Officer honored with award

November 4, 2008

By Jim Feehan

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Jerry Gilley intervened in domestic violence incident 

Jerry ‘Jay’ Gilley (right), Newcastle police officer, looks at his Norm Maleng Outstanding Law Enforcement Award with Newcastle police chief Melinda Irvine (middle) and police chaplain Pat Tosch Oct. 3 after the Seattle City Hall Plaza ceremony. Photo by Greg Farrar.

Jerry ‘Jay’ Gilley (right), Newcastle police officer, looks at his Norm Maleng Outstanding Law Enforcement Award with Newcastle police chief Melinda Irvine (middle) and police chaplain Pat Tosch Oct. 3 after the Seattle City Hall Plaza ceremony. Photo by Greg Farrar.

A simple clerical error, a misspelled name, caused a Newcastle woman to endure months of relentless threats by an abusive ex-husband. He was stalking her and threatened to kill her. 

When she filed for a protection order, it mistakenly was filed under the wrong name. Last Thanksgiving, Newcastle Police Officer Jay Gilley responded to a call from the woman and corrected the mistake. 

His perseverance and attention to detail was instrumental in the arrest of the ex-husband, Michael Draman, during a SWAT team callout. Draman was sentenced to 38 months in prison for felony stalking and multiple protection order violations. 

Gilley was among three recipients of the 12th annual Norm Maleng Outstanding Law Enforcement Award Oct. 3 at the Seattle City Hall Plaza. The award honors those who work to end domestic violence. It was presented in conjunction with domestic violence awareness month.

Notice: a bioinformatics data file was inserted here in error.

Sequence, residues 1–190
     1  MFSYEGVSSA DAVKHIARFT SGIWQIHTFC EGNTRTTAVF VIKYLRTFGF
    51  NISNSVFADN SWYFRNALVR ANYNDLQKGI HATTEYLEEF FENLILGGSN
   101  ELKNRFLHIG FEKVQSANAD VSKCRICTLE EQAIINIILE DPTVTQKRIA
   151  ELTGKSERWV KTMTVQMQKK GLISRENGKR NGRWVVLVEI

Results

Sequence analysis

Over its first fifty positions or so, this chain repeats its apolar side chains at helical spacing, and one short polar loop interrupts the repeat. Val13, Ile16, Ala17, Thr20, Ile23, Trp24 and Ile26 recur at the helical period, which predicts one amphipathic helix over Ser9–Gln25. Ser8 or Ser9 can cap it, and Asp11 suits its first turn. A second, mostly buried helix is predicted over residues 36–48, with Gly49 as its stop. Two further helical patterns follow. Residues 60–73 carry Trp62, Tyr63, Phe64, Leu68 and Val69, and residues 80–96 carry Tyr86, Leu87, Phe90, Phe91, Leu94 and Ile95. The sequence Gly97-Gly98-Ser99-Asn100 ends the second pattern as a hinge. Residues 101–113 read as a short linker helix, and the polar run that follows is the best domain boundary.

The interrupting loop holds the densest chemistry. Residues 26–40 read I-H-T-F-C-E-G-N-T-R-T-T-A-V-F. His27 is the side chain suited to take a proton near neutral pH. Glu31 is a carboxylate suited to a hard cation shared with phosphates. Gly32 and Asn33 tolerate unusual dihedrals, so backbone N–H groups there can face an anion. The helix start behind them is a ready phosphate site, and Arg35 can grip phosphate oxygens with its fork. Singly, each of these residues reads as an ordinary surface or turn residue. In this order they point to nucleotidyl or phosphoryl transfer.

Pam Hall, a Federal Way police administrative assistant, and Scott Dungan, a King County community services officer, were also honored.

Gilley said the man made 30 to 40 threats and showed up at his ex-wife’s work and house. He also had a prior conviction of manslaughter in California.

“The protection order was misfiled because of a truncated last name,” said Gilley, a Newcastle officer since 2000. “With the corrected information, we were able to charge the ex-husband. 

“It’s great to be recognized for this award by the county.”

Maleng called domestic violence a crime against the human spirit, King County Prosecutor Dan Satterberg said of his predecessor.

“A relationship that begins with faith, hope and love turns violent with domestic violence families living in fear, abuse, violence and, sadly, even death,” Satterberg said. 

King County Sheriff Sue Rahr said Gilley exemplifies a new generation of officers who take domestic violence complaints seriously. Rahr said that wasn’t the case when she joined the sheriff’s office in 1979.

“Jay is among the best and brightest of my deputies,” she said. “He’s an excellent example of how one officer can change a life.”

Newcastle Police Chief Melinda Irvine said Gilley is a wonderful person and police officer.

“So many people in Newcastle have come to find Jay is caring and compassionate,” Irvine said.

Pat Tosch, of Newcastle, a police chaplain with the sheriff’s office, has known Gilley since he arrived at the department after a five-year stint with Honolulu police. Six years ago, Tosch took Gilley aside following the fatal shooting of his partner, Officer Rich Herzog.

“I think it’s incredibly wonderful that Jay is being honored,” Tosch said. “I don’t think it could happen to a nicer guy.”

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